Sources tell The Hill that Donald Trump’s attorneys sent cease-and-desist letters Friday to the Republican National Committee (RNC), the National Republican Senatorial Committee (NRSC), and the National Republican Congressional Committee (NRCC) to stop using his name and image for fundraising.
The three groups are the largest fundraising groups in the Republican Party.
From Trump’s point of view, the letters make perfect sense. Any use of his likeness and name is money in the bank. Better yet, he can use that money to fund his political activities or his personal lifestyle.
“President Trump remains committed to the Republican Party and electing America First conservatives, but that doesn’t give anyone – friend or foe – permission to use his likeness without explicit approval,” a Trump adviser told Politico, which was the first to report on the letters.
The move came the same day the RNC sent two emails to supporters looking for donations in the form of a thank-you card to Trump.
“President Trump will ALWAYS stand up for the American People, and I just thought of the perfect way for you to show that you support him!” one email reads. “As one of President Trump’s MOST LOYAL supporters, I think that YOU, deserve the great honor of adding your name to the Official Trump ‘Thank You’ Card.”
The cease-and-desist orders are another way to bind the Republican Party’s fortunes to his own. Trump will now license his image, deciding which candidates can use it and which ones can’t.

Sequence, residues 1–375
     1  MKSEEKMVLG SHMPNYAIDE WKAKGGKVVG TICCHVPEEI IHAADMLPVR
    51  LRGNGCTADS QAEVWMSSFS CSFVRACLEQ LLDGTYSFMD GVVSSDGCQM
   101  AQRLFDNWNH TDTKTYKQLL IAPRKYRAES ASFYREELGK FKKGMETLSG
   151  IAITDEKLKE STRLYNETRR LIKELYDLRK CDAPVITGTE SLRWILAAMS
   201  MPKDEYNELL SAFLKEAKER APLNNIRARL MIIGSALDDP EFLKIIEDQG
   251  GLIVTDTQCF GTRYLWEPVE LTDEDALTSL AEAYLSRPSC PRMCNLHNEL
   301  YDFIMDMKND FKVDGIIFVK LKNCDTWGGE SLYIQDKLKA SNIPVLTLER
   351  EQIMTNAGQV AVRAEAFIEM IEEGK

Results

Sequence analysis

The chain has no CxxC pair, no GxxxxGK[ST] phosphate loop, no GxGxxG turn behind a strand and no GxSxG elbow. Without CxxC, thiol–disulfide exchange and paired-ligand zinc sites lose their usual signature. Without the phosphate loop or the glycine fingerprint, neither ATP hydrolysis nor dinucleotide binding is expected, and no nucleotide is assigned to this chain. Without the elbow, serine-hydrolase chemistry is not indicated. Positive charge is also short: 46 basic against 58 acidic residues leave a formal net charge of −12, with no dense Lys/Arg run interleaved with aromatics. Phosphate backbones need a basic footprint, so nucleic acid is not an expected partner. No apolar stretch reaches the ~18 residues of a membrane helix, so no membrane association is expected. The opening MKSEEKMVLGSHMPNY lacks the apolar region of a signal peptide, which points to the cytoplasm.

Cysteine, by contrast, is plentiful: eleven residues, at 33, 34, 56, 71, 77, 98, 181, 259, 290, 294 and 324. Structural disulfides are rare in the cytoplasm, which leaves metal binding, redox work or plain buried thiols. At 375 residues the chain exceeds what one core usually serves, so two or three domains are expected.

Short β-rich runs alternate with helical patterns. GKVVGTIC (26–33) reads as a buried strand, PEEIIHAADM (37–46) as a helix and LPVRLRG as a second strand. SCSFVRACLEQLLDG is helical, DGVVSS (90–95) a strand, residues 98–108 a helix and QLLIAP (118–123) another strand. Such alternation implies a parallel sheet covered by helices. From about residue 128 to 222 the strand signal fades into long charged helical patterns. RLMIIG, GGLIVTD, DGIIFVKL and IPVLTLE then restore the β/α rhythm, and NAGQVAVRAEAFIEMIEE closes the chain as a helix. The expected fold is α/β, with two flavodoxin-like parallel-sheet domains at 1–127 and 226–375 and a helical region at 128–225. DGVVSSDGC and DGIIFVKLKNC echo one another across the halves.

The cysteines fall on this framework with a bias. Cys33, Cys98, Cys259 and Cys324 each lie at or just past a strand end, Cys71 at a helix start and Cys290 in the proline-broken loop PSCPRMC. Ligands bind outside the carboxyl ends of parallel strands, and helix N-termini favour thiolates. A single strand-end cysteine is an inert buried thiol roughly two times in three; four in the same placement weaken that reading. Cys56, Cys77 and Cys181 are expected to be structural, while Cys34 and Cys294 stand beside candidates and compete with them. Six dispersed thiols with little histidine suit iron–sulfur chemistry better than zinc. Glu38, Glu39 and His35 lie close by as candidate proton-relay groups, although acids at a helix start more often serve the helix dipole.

The letter from Trump’s attorneys appears to be part of the former president’s efforts to solidify his standing as a top kingmaker in the GOP. Trump has already forecasted that he will be heavily involved in the 2022 midterms while he mulls making a third presidential bid in 2024, and his endorsement is expected to be highly sought after by most Republicans.
The former president has so far most backed incumbents in their reelection bids, though he has warned sitting lawmakers he is ready to throw his weight behind primary challengers running against those he deems insufficiently loyal.
The former president has already singled out those GOP congressmen and senators who voted against him during the impeachment trial for destruction. But getting Trump’s endorsement will become a competitive enterprise. There are likely to be several primary candidates in those districts that Trump is targeting. How does he decide who is most slavishly devoted to him? Who will be the lucky candidate to receive his blessing and open the door to donations and support?
Trump is reminding Republicans whose party it is and whose it will be in the future.